For example, for , the following numerical quadrature rule is obtained: for . The precision of this method is and it is th order accurate. The associated composite rule is th order accurate. For this method in its basic form one function evaluation and two first derivative evaluations are required. In composite form, the method requires function evaluations and only two additional derivative evaluations due to cancellation of the derivatives at the endpoints in contrast to one point classical open method.

For , the quadrature rule becomes for . The precision of this method is and it is th order accurate. The associated composite rule is th order accurate. For this method in its basic form two function evaluations and four first derivative evaluations are required. In composite form, where is an integer divisible by 3, the method requires function evaluations and derivative evaluations due to cancellation of the derivatives at the endpoints.

For , the numerical quadrature rule is for . The precision of this method is with local truncation error of the th order. The associated composite rule is th order accurate. For this method in its basic form three function evaluations and four first derivative evaluations are required. In composite form, where is an integer divisible by , the method requires function evaluations and derivative evaluations due to cancellation of the derivatives at the endpoints.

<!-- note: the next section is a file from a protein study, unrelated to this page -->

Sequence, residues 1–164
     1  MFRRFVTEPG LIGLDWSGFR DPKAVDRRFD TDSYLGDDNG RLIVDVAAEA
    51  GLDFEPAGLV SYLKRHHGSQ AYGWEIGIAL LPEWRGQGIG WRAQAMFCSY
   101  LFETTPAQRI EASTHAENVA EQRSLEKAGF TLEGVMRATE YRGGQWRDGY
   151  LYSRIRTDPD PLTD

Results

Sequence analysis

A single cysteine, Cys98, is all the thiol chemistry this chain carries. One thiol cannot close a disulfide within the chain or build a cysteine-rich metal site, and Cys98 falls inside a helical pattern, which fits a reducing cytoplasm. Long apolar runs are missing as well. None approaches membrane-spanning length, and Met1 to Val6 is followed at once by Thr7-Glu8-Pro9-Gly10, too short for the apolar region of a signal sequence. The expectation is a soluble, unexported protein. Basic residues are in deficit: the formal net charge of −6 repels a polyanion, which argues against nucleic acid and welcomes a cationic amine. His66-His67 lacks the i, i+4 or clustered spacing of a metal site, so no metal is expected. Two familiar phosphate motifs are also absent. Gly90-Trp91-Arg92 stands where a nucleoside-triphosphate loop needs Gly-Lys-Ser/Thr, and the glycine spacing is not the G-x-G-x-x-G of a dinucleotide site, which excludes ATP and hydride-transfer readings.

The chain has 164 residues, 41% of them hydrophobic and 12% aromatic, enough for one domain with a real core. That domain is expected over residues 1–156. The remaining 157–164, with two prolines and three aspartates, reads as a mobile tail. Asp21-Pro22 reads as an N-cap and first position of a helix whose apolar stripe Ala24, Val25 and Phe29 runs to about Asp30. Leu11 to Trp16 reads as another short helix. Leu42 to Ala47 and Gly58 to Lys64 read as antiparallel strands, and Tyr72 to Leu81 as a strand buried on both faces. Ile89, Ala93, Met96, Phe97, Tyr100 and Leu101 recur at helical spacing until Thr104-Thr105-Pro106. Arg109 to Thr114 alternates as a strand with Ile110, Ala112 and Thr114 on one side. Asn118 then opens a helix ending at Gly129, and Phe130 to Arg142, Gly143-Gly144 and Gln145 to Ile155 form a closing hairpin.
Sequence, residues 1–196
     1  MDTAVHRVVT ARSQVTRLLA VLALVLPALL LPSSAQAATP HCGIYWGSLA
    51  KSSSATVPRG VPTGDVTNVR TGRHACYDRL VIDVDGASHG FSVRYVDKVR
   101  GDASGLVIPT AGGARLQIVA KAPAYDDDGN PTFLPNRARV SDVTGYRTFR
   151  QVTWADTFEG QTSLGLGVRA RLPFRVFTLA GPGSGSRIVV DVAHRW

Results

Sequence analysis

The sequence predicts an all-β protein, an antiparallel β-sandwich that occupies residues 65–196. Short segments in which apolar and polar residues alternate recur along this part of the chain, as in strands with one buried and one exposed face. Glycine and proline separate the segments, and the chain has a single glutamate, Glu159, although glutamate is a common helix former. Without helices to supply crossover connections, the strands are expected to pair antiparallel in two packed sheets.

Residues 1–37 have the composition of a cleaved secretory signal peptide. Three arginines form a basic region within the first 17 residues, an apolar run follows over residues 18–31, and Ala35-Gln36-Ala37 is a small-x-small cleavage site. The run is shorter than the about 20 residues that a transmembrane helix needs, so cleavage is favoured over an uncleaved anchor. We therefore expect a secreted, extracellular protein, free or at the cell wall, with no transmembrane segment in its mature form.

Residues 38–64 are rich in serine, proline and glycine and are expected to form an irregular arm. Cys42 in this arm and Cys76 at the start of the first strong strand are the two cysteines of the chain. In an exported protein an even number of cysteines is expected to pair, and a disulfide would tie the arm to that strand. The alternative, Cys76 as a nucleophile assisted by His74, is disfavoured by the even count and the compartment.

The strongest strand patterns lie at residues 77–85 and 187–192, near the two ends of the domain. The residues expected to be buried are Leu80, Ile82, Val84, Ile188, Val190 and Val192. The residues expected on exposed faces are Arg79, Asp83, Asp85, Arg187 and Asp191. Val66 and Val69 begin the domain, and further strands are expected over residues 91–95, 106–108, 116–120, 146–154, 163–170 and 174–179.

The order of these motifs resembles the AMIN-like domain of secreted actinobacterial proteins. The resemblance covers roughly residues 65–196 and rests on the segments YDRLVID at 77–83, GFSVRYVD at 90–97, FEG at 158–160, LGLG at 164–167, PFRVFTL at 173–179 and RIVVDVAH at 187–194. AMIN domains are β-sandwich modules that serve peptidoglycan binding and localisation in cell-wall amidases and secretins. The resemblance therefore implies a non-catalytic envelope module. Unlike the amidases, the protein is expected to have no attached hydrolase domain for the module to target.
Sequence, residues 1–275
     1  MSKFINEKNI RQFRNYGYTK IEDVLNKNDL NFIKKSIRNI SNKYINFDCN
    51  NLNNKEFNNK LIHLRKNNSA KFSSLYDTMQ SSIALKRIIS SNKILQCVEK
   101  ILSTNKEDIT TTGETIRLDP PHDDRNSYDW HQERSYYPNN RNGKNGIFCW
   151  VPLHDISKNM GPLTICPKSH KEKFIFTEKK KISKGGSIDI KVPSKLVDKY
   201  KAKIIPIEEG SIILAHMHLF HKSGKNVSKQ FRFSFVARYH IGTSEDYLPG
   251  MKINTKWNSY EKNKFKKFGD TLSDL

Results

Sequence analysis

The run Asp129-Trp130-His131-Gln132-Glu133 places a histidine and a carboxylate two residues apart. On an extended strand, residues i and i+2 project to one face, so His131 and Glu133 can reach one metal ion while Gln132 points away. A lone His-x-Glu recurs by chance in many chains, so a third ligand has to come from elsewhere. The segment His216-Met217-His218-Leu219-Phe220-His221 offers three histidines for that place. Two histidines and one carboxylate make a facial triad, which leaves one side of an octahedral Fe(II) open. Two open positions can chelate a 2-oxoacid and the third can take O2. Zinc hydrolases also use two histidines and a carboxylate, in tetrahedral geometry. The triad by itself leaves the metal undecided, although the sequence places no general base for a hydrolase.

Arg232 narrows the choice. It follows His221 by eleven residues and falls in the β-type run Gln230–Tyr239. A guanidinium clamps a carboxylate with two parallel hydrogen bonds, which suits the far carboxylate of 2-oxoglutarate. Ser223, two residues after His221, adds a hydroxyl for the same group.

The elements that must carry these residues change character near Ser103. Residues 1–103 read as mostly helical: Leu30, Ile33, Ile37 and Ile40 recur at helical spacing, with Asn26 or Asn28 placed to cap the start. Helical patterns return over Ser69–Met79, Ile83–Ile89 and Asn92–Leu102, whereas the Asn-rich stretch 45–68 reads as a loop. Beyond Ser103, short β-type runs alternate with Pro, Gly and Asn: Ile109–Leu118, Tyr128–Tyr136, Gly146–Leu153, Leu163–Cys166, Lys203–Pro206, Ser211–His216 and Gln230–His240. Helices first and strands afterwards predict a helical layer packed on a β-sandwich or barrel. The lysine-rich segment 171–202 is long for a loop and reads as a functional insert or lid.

For , the numerical quadrature rule is for . The precision of this method is with local truncation error of the th order. The associated composite rule is th order accurate. For this method in its basic form four function evaluations and six first derivative evaluations are required. In composite form, where is an integer divisible by , the method requires function evaluations and derivative evaluations due to cancellation of the derivatives at the endpoints.

For , the numerical quadrature rule is for . The precision of this method is with local truncation error of the th order and the associated composite rule is th order accurate. For this method in its basic form five function evaluations and six first derivative evaluations are required. In composite form, where is an integer divisible by , the method requires function evaluations and derivative evaluations due to cancellation of the derivatives at the endpoints of the basic form.